Welcome to Bagaces, also known as Bagatzi!
If you still haven’t been to the Bagaces region, Rincón de la Vieja National Park, the towns around Volcán Miravalles, or Volcán Tenorio National Park, make sure that these breathtaking spots go on your list of destinations for 2022.
Why is it worth visiting? Here’s an overview.
The inactive Miravalles volcano is the highest peak of the Guanacaste mountain range, offering a wealth of geological features to discover.
You can enjoy paths full of nature, waterfalls, bubbling pools of volcanic clay, sky-blue rivers, relaxing hot springs, and activities including horseback riding, ziplining, rafting, tubing, and a tour of a local attraction, the Miravalles geothermal plant.
While we’re on the subject, here are some interesting facts about geothermal energy in Costa Rica. Our country has the third-largest amount of geothermal generation in the Americas and the twelfth worldwide, according to the ThinkGeoEnergy news portal.
The installed capacity of one megawatt (geothermal power is measured in watts, and a megawatt is a million watts) is enough to power some 1,000 Costa Rican homes.
Have we piqued your interest?
Well, read on and we’ll show you some places to stay when you decide to visit this part of the country.
Cabañas Las Hornillas:
These cabins are a family project, with members of the family continuing to run the accommodations. The area is considered to be a treasure containing a natural spa, geological attractions and active volcanic mud pits. The complex has pools with water from the hot springs as well as a restaurant, a campground and cabins. Visitors can enjoy hikes to see the active volcano, saunas, mud baths, hot springs, waterfall tours, a hanging bridge, hikes through the forest, a tractor tour, restaurant service, and much more.
Address: 400 m south and 3 km east of the Miravalles Geothermal Plant. Fortuna de Bagaces, Guanacaste.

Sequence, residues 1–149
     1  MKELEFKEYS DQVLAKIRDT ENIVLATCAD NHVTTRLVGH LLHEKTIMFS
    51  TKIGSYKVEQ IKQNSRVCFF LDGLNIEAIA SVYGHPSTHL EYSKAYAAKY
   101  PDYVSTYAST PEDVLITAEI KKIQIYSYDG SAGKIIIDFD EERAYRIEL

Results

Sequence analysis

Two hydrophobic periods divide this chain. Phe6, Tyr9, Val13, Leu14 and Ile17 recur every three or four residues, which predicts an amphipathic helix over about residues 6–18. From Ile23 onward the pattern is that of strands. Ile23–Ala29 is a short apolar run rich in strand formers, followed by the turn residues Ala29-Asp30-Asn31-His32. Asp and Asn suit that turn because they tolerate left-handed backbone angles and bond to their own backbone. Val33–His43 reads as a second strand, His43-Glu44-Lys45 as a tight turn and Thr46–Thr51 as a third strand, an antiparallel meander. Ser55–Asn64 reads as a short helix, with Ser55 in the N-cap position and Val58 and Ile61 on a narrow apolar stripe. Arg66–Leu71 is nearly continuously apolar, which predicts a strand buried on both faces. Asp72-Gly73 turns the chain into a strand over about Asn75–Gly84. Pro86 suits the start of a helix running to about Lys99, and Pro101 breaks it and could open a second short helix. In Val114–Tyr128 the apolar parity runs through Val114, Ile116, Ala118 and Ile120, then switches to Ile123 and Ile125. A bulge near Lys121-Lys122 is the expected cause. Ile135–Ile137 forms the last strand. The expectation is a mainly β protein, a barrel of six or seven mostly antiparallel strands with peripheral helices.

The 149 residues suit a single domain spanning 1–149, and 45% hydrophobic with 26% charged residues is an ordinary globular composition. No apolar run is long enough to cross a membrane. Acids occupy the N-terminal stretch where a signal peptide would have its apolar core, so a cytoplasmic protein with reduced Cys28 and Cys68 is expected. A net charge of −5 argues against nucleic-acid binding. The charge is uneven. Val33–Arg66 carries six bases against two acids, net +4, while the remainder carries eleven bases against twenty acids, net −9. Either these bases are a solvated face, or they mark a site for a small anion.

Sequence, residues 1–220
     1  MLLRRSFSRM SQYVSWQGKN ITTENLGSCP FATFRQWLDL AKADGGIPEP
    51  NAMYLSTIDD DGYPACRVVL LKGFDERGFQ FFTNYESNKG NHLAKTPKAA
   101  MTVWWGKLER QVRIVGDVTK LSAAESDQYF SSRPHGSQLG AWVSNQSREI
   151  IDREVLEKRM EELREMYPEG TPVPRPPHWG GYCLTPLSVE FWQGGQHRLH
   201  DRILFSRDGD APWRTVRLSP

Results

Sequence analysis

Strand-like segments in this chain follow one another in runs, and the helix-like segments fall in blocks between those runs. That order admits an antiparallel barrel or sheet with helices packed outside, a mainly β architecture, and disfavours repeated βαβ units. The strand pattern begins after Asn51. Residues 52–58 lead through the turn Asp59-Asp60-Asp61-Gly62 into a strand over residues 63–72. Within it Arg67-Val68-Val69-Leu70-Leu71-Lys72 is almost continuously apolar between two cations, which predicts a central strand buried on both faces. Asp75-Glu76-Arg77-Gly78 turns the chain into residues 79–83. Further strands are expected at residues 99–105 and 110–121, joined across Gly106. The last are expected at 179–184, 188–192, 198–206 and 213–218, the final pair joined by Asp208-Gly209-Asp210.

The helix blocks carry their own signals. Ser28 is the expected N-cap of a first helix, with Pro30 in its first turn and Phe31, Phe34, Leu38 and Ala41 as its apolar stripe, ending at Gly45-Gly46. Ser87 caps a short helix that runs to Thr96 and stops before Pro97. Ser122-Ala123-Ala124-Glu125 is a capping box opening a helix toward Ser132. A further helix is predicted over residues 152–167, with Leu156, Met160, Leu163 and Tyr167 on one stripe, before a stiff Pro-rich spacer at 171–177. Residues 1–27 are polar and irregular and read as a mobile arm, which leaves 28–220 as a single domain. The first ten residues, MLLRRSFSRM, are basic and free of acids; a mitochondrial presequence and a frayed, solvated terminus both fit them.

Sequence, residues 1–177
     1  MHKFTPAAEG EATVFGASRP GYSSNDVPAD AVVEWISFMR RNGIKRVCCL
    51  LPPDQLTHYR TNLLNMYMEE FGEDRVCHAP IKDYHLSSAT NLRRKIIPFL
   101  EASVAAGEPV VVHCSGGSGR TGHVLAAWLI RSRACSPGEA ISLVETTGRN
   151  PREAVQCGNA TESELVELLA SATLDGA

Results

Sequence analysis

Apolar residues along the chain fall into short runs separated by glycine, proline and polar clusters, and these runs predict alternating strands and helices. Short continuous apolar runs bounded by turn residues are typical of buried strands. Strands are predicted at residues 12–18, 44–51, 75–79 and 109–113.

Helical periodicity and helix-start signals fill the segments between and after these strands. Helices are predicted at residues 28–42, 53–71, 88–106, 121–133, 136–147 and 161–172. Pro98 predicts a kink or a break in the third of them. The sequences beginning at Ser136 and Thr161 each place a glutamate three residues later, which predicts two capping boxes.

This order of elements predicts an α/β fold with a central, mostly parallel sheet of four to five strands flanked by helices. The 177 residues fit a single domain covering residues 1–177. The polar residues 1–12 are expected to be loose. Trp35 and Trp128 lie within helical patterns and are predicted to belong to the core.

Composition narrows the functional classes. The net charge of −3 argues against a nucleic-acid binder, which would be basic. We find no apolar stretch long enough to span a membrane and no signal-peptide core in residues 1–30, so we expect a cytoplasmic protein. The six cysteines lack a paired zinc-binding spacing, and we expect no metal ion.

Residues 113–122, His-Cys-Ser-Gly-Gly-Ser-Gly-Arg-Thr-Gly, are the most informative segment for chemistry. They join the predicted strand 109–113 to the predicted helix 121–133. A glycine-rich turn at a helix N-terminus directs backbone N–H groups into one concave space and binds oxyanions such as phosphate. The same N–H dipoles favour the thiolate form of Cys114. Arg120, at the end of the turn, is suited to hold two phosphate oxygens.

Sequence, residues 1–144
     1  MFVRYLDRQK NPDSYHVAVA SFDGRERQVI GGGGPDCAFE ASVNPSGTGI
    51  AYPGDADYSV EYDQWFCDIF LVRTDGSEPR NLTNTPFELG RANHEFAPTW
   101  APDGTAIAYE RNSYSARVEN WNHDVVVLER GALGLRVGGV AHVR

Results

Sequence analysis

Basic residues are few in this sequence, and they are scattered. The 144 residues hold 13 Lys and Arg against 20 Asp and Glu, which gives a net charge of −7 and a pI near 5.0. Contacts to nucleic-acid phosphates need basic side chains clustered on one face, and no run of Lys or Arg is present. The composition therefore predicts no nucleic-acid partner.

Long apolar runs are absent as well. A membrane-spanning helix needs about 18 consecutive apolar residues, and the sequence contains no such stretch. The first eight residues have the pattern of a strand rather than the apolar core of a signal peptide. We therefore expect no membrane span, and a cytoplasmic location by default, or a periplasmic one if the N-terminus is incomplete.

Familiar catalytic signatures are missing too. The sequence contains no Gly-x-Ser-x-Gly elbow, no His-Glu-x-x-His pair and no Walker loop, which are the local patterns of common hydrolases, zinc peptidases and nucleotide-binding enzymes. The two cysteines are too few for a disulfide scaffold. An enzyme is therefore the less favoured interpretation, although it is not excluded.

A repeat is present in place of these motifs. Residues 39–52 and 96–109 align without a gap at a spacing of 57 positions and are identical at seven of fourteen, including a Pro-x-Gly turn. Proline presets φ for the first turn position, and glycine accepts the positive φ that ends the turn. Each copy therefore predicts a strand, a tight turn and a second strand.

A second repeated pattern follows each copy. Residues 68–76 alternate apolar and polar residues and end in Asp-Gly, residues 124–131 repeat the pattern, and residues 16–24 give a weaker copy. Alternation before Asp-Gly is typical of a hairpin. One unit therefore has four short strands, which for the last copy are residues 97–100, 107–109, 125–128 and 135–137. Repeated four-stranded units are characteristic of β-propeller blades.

Tel: 2100-1233 / WhatsApp: 8839-9769
Termales El Guayacán:
Located in La Fortuna de Bagaces, this facility is another option for lodgings and tours in the area. The family business began operations in this region of Guanacaste 16 years ago. You can savor the waters of 12 pools, nine of which are fed with water from hot springs and three with cold water. The cabins sleep 2-6, while villas on the property can accommodate up to 5 people.
One of the main attractions of the site is the volcanic mud pit, where visitors can use the gray volcanic mud to exfoliate. Other features include a traditional restaurant, a 250 m zipline, a barbecue area with tables and a multi-use events room for up to 60 people.
Tel: 88492812 / 26730349.
This incredible hotel is situated between the Miravalles and Rincón de la Vieja volcanoes, and is the result of a family’s hard work over over 10 years. It began with the objective of showing visitors the region’s attractions, which many were unaware of.
The options here include lodgings, a restaurant and a refreshing pool. Nearby attractions also include tours in the Santa María and Las Pailas sectors of the Rincón de la Vieja National Park, a trip to Catarata la Cangreja, ziplining, night hikes, and the Miravalles Volcano.
Tel: 2206 4832 / 2206 4833
Río Perdido Hotel And Thermal River:
This little piece of heaven is located in La Fortuna de Bagaces. Designed to be in harmony with its environment, this hidden gemwas once a sacred place for the Cabécar people. One of its most prominent attractions is the natural hot springs. It also has a unique ziplining course that takes visitors through the canyon of the Río Blanco.
Some of the activities available here include tubing along the Río Branco, spectacular bungalows, hiking, mountain biking, yoga, restaurant, pools, hot springs, massage rooms, and all the adventures waiting in the canyon.
Tel: 2673 3600
Can you just see yourself in one of these places? Take the plunge and
Remember to keep taking care of one another by following all the recommendations from the Ministry of Health!
If you’re wondering about the name “Bagatzi”, the canton of Bagaces also bears this name in honor of the chief Bagatzi, who lived in the region during the Spanish colonial era in the 16th century. The Costa Rican author Carlos Gagini, in his book The Aboriginal Peoples of Costa Rica, mentions the word, whose name he defines as “Baga, reeds, tall grass; tzi, place.” (1917, p. 95), which translates as “Place of the Tall Grass”.